My Version of New Years Resolutions
I’m not huge on New Year’s resolutions, but I am a fan of new seasons. Every New Year gives a good reminder to look back over the last year and see what you learned about yourself. Take some time for introspection. Whether you finished a hard year or finished a good one, take some time to soak it in before jumping into 2016. When I look back on 2015, there were a whole lot of good things happening. And then there were a whole lot of hard things. It was about 50/50. But at the very end of 2015, I felt like the good to bad was more like 30/70. The end of the year was exhausting, in every sense. But it was an exhaustion that was so very different than what I’d every experienced.
I feel like I just came out of a black hole of work. It had lasted the whole fall. I surfaced a few times, only to jump back in again. I have to say, at the beginning, part of me felt enlivened by the weight of the work I had to do. But now looking back, I don’t think it was about the weight of work I was doing. I felt important and marked for the amount of work I was doing, the pace at which we were moving, and the struggle I was having. I wasn’t very good at focusing on the lighter side of things. Writing helped, praying helped, but I seemed to be caught in a snow globe that was constantly getting shaken. It would be easy to pull a couple good things out in conversation or writing, but I was carrying a lot inside. No amount of verbal processing was getting that weight out. I started working on letting go of it. I started admitting I had a lot of things to work on. I am a relational person through and through. Relationships are usually the highest priority in my day-to-day life. But you can’t change your own life when you’re completely outward focused. I stopped for introspection from time to time but it wasn’t enough. I wasn’t getting into the weeds of my own life. I was scared of what I might find.
Now that I’ve surfaced from the inescapable work, I feel waterlogged. In an attempt to process the last few months, I started thinking about key things I’ve learned that I should carry into the New Year.
1. Drop Some Responsibility
I’m not responsible for everything. I need to find a line between my duties and the duties of the rest of my team. I can’t carry everyone. I shouldn’t even try. I need to find the boundaries of my projects and polish them until they shine.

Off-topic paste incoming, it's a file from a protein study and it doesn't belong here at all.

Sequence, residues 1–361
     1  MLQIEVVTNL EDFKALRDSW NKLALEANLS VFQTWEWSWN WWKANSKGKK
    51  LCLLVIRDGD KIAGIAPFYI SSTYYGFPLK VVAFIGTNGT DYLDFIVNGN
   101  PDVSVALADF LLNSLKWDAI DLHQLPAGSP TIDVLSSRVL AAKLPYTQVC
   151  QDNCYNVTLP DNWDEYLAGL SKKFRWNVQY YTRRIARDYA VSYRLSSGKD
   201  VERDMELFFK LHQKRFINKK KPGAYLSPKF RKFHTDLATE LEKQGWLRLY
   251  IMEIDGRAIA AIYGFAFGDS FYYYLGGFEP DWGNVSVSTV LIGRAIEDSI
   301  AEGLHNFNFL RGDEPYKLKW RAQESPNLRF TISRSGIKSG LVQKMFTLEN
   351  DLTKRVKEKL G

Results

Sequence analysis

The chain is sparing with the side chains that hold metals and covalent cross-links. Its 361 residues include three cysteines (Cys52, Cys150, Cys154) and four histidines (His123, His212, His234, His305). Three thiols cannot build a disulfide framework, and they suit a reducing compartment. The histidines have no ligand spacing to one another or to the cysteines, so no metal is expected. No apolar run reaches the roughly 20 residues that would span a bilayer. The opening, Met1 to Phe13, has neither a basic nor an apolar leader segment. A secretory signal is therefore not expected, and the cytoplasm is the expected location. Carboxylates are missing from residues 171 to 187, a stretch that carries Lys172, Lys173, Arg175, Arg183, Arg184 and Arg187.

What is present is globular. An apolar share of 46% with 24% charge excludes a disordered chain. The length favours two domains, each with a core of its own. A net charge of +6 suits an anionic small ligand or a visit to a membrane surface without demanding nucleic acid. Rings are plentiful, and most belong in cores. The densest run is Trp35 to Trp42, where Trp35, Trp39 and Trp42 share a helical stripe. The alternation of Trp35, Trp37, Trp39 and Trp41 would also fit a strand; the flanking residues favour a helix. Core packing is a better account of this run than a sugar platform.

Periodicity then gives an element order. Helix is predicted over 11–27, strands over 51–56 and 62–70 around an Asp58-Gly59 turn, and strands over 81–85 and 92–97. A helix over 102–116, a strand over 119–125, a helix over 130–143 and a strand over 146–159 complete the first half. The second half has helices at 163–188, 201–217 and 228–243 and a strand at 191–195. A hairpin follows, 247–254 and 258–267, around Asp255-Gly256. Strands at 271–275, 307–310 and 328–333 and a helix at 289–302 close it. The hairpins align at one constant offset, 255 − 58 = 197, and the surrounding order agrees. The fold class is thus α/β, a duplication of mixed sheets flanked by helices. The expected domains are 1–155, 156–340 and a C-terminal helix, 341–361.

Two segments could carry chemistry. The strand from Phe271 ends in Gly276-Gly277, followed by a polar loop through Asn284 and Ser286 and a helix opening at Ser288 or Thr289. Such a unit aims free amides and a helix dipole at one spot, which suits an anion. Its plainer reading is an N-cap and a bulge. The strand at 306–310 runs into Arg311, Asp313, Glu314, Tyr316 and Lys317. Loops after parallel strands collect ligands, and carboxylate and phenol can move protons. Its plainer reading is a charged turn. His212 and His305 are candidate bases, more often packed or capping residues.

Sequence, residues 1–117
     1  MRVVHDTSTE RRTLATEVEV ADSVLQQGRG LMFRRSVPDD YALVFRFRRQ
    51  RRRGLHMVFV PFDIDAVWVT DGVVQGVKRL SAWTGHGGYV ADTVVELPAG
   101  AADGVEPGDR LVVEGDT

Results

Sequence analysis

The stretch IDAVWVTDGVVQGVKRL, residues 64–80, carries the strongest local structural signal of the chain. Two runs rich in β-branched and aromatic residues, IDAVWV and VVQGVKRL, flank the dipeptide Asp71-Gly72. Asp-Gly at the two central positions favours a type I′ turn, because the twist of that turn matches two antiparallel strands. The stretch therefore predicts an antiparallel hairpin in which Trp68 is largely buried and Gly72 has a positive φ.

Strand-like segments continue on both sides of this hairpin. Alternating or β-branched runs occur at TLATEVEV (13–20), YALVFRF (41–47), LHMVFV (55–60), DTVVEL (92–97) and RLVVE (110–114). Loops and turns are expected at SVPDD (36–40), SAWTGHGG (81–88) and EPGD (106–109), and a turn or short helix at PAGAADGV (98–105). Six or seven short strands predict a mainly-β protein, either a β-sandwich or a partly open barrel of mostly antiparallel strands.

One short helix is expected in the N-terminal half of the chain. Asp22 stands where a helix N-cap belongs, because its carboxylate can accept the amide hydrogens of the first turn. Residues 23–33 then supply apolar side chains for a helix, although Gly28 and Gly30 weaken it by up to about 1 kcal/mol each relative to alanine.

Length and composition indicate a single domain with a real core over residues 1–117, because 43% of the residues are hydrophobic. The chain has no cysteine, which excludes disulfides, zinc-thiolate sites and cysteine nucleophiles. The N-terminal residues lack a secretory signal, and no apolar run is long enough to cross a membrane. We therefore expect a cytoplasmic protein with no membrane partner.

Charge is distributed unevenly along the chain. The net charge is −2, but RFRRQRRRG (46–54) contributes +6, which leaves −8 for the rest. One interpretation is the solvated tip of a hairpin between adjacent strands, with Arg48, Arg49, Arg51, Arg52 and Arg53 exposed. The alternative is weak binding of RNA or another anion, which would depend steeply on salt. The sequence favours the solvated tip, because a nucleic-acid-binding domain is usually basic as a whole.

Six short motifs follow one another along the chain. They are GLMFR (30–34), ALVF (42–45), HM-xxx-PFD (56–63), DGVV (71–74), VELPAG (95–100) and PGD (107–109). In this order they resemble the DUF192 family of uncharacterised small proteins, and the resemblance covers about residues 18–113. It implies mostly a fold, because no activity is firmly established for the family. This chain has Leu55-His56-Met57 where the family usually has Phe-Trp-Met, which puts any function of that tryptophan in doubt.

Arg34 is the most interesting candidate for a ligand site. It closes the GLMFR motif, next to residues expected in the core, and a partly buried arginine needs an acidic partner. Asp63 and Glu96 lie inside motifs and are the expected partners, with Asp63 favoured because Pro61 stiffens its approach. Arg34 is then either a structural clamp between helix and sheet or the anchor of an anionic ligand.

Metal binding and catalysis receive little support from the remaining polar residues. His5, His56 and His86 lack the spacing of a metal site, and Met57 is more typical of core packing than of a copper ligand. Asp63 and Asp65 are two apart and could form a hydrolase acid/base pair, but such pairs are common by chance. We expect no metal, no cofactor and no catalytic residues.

I need to ask for help and admit when I don’t know something. If I’m not doing this, I’m not making a project shine. I’m also so focused on thinking I know everything that I don’t recognize success when it comes. And if I’m not recognizing success, I won’t ever feel like I am developing or moving forward. I’ve always had this crazy notion that if I know where I should be in a few years, I should be there now. NOT TRUE. Any great leader, inventor, or CEO never got there and did their job well without experience, mentors, counselors, and trainers.
3. Take Time for Myself
Taking time to develop myself outside of my career and the workplace is a must. Without introspection and self-development my sole purpose will start coming from where I spend the most time. If it’s work, that starts defining me as a person more than it ever should. I am more than the tasks I do everyday. Work does help form me, but it shouldn’t be the only thing that forms me. If it is, every bump will crack me. In the end, work might break me.
4. Stay Thankful
When work overloads me, I forget how to be thankful. I’m always thinking about how long my list is, how many things have gone wrong, or how I’m not doing things up to snuff because there’s such an onslaught of tasks. I listen to Bill Johnson, from Bethel, quite a bit. He said once that the best way to take care of your skills and talents is to remain thankful for them. When you stay thankful for what you have, you stay positive. Sometimes it takes work, but when you have a positive outlook, you stay invested in what you’re doing which will develop and improve what’s in front of you.
Goals usually die off within a few weeks or months, but when I focus on the tangible things I’ve learned, I tend to carry them forward and turn them into new habits. The list above is my version of resolutions. Some will get broken down into practical application for day-to-day life. Others will be my regular reminders to keep my focus on the big picture this year.
Cheers to the New Year. Don’t forget last year.